Over 400 hours of video content is uploaded to YouTube every minute. YouTube’s audience and content creators are growing at breakneck speed. In such a scenario, it can be quite challenging to stand-out among the crowd. Luckily, YouTube’s algorithm is moving toward creating a level playing field for all content creators. Up until a year ago, a YouTube channel’s authority – the number of views, subscribers, and watch time – was a key ranking factor for the algorithm. Not anymore! YouTube’ algorithm changes appear to be moving it away from this model.
YouTube’s algorithm serves to render the most personalized content to its users. YouTube analyzes viewer behavior on videos watched, click through rates, average time spent, engagement – likes, dislikes, comments – and explicit feedback submissions among hundreds of data points.
Now, where exactly on the platform does YouTube serve content to its viewers?
There are five different sections where a video can appear on YouTube: Search, Home, Suggested Videos, Trending, and Subscriptions. I have tried to provide a break-down of the YouTube ecosystem, and offer some tips to help your content find a way into one or more of these sections.
YouTube is the second largest search engine by market share. YouTube’s goal is to serve the most relevant search results according to the viewer’s query. Videos are ranked based on a variety of factors including how well the title, description, and video content match the viewer’s query.
Search accounts for over 30% of traffic to CSU’s YouTube Channel.
Tips: All of the metadata for a video should accurately describe the video content. Be sure to optimize the Titles, Descriptions, Tags, and add Closed Captions.
Thumbnail and Title have emerged as the top two factors for discovery on YouTube.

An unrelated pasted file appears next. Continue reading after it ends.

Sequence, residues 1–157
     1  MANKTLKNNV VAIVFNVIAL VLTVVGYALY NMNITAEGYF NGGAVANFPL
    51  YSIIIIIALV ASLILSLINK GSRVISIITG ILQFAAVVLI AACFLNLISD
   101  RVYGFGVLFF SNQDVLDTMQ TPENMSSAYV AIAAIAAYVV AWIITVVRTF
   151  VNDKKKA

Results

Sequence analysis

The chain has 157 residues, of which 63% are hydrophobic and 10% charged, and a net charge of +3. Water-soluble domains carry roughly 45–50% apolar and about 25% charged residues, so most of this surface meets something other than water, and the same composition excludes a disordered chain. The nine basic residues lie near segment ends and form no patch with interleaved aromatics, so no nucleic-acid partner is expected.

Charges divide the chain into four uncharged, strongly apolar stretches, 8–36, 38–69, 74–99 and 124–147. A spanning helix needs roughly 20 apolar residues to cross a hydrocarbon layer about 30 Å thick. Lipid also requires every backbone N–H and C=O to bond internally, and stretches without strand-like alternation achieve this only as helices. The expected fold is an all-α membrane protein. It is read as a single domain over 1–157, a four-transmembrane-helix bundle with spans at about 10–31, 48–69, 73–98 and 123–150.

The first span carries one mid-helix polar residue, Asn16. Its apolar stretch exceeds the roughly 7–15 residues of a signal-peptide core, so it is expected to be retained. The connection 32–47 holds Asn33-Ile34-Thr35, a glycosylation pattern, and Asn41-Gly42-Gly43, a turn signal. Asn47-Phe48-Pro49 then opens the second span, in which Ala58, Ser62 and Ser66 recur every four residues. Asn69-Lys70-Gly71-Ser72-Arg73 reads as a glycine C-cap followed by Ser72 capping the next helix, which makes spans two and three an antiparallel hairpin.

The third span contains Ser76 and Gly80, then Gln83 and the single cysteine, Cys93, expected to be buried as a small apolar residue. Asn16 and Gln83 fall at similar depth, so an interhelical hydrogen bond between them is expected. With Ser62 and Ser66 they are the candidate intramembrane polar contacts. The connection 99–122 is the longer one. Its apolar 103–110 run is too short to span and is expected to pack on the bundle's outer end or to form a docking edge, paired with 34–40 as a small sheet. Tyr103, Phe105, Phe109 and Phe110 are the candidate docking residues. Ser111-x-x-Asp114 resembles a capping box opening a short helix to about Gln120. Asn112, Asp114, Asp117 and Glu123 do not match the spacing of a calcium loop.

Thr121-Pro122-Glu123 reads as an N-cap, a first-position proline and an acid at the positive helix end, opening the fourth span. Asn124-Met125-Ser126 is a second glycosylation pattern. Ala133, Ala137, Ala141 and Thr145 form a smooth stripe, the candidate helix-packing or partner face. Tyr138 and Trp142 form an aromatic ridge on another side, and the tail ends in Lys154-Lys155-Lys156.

Over 90% of the best performing videos on YouTube have a customized Thumbnail. The thumbnail should be catchy but not click-baity.
Use short and crisp titles. According to YouTube Creator Academy, titles with 50 to 60 characters perform the best in the search.
Suggested Videos is a personalized list of videos that a viewer may be interested in watching next, based on their prior YouTube activity. These videos appear on the side panel of the YouTube interface or as ‘Watch Next’ if Autoplay is turned on by a viewer.
Signals that contribute to these recommendations include:
- Videos that viewers watch along with the current video, or videos that are topically related
- Videos from a viewer’s past watch history
Tip: Tags play an important part in providing context to your videos and getting them into the Suggested feed. Make sure to include the most important keyword phrase as a YouTube tag.
YouTube Home is the first page that viewers see when they open the YouTube app or visit YouTube.com. Home is a great place for your videos to be found by non-subscribers. YouTube displays videos from viewers’ subscriptions and videos watched by viewers with similar interest affinities and watch patterns.
Tip: Keep some of your tags ‘broad match’ to cast a wide net for potential viewership. Use single-word relevant tags to maximize your reach.
Subscribers are people who have opted in to see your content. The amount and frequency of the content can be adjusted in YouTube settings. Your channel’s subscribers can see your new videos in the subscriber tab:
Subscribers are any YouTube channel’s core audience, and they may provide the early signals (avg. watch time, likes, dislikes, comments, etc.) for a video to succeed or fail.
Tip: You could consider adding a relevant Call to Action (CTA) to subscribe to your channel. Using End Screens and Annotations can be useful to help grow your subscriber base, and increase the watch time on your channel.
The Trending feed is a list of videos that are new and popular on YouTube in a viewer’s country. YouTube considers view count (especially the rate of growth in views), the geography where the views are coming from, and many other signals to feature videos in Trending.
It is interesting to note that YouTube places emphasis on the growth rate of views, and not the cumulative views for a video to be in the trending list. If a video from a relatively small channel is seeing a surge in views over a short period of time, it is as likely to feature in Trending section as any other video from a massive channel.
Tip: Keep producing great quality content, keep engaging with your audience, promote your video on other social channels, and keep your fingers crossed.
Lastly, I leave you with the goals of YouTube’s search and discovery system:
1. Help viewers find the videos they want to watch
2. Maximize long-term viewer engagement and satisfaction
If you keep these two goals in the backdrop of your YouTube content creation and optimization strategy, you will be rewarded in the long run.